As many of you know, I have been helping Bruce Johnson with material for his Oregon Photos website on the history on vintage backpacking gear in the US. Bruce just notified me that his first in a series of books is now available on the history of Frostline Kits. His next book on the history of Gerry is due out next spring. I am quite pleased that Bruce has managed to get a book into print, the project has been a huge undertaking for him. I ordered a copy today and am very anxious to see the final product. I hope Bruce finds time to continue with the project as there so many colorful stories to tell from the golden era.
Kudos Alan for aiding and abetting some of us with our addiction to camping gear past and present <img src="/forums/images/graemlins/cool.gif" alt="" /> Ah remeber the old days, just can't remember where I put that gear <img src="/forums/images/graemlins/confused.gif" alt="" /> <img src="/forums/images/graemlins/blush.gif" alt="" /> <img src="/forums/images/graemlins/smirk.gif" alt="" />
PEPPER SPRAY AIN'T BRAINS IN A CAN!
is a quote from the book blurb. I hope it means that a lot of that old frostline gear is still knocking around, but the company has been dead for many years. There were rumors forever about it getting going again, but even the latest incarnation couldn't get a web site up or a catalog out. The last phone number for them is now a chat line.
Loc: California (southern)
I have fond memories of Frostline kits. Really good gear at a great price. Found that sewing was just as much fun as woodwork. Made a replacement bag for my Kelty frame, a fishing vest (for my son), a set of bicycle panniers, among other things. The best item they provided was a reversible down vest, a perfect Park Service loden green on one side, and screaming international orange on the other - better kit than anything the Gov'ment provided. I still have a Frostline daypack somewhere deep in my gear closet (I think). <img src="/forums/images/graemlins/grin.gif" alt="" />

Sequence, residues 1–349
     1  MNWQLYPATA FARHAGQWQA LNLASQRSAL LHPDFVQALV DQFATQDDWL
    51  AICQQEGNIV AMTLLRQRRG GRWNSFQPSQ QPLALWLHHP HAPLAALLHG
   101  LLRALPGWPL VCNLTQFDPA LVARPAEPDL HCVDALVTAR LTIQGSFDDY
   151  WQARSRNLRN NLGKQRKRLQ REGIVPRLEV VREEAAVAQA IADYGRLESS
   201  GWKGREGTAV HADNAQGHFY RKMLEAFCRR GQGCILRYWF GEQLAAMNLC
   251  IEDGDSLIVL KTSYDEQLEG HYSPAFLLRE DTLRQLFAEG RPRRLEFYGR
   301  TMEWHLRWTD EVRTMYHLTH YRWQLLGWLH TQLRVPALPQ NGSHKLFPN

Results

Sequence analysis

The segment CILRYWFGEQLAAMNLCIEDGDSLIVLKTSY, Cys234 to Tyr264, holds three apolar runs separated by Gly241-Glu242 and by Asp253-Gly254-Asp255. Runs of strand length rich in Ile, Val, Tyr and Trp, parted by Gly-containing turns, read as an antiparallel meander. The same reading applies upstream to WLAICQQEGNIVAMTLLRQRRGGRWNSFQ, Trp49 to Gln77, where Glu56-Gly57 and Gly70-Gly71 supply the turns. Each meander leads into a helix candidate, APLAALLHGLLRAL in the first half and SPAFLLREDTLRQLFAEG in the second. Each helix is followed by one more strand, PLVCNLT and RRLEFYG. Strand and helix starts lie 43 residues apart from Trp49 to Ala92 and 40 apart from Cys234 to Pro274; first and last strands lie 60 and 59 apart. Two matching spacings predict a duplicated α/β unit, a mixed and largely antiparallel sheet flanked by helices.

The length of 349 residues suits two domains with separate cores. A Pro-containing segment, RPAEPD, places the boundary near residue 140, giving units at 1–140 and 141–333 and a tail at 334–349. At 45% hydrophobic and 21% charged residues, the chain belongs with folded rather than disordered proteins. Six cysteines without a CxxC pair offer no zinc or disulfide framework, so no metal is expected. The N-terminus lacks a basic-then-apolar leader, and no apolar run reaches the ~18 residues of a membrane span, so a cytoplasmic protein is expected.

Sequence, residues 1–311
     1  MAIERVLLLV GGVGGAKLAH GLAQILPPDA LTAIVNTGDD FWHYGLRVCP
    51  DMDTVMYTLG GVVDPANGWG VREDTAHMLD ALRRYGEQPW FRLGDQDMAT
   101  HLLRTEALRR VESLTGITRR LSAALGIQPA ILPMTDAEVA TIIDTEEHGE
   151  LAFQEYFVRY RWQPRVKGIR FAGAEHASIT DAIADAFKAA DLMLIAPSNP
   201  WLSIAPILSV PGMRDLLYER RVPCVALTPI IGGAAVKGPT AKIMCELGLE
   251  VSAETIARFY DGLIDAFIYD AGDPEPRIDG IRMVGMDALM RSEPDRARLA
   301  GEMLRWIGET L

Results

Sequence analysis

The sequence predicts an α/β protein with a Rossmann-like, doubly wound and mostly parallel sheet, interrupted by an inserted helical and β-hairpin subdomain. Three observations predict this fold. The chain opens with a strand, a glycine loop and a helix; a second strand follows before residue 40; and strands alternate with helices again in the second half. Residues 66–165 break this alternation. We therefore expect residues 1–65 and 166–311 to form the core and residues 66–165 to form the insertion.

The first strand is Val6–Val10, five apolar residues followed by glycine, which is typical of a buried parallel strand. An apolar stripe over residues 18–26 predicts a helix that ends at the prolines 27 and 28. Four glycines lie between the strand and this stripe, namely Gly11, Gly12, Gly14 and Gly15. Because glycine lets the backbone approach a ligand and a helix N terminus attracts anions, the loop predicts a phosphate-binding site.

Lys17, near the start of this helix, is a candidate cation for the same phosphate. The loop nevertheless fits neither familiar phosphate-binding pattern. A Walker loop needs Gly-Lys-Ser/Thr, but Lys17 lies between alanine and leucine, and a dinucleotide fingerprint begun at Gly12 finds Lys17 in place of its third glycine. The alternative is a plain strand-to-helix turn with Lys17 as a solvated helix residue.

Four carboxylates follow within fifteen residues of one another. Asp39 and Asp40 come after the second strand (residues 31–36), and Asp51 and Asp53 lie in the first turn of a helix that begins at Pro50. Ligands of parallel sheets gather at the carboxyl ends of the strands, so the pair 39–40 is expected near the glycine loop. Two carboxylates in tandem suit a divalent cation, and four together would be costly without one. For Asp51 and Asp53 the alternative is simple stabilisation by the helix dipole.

My wife sewed at least two Frostine kits for our family camping gear. She did a sleeping bag -- synthetic insulation, and she did a 3-man tent. We still have both although we use neither anymore.
The bag has suffered the fate of all synthetics and lost its loft. The tent has been well used by us and friends but still works. However, it was not by any means lightweight. We used it in our car camping days.
Human Resources Memo: Floggings will continue until morale improves.
After reading your post about Frostline kits, i called them about 6 months ago and finally got a catalogue in the mail today. A 2001 catalouge to be precise. All the models in it look like they stepped out of the 70's and 80's (probably when the pictures were taken) and the gear is really nothing special. I am sure all pricing is from 2001, also. I believe i will put it in "Da Box " for some do it your-selfer to try.
Hammockers aren't stuck up, they're just above it all.
I have a series of Frostline catalogs from the 1970's, 1990's and likely the same 2001 catalog as you do. The kits are all basically the same. Once Dale Johnson sold the company the subsequent series of owners appeared to know nothing of outerwear and gear and never realized that designs change and evolve over time. Frostline was a great story in its day, but the world passed it by.
Curious, what number did you use to reach the company?
Then I could leave my pillow home and just flip up the collar eh <img src="/forums/images/graemlins/grin.gif" alt="" />
I figure one of you smart alecs out there is going to send me a box of ping pong balls or just foam packin' peanuts <img src="/forums/images/graemlins/crazy.gif" alt="" /> But, eh, I guess I got it comin <img src="/forums/images/graemlins/smirk.gif" alt="" />
PEPPER SPRAY AIN'T BRAINS IN A CAN!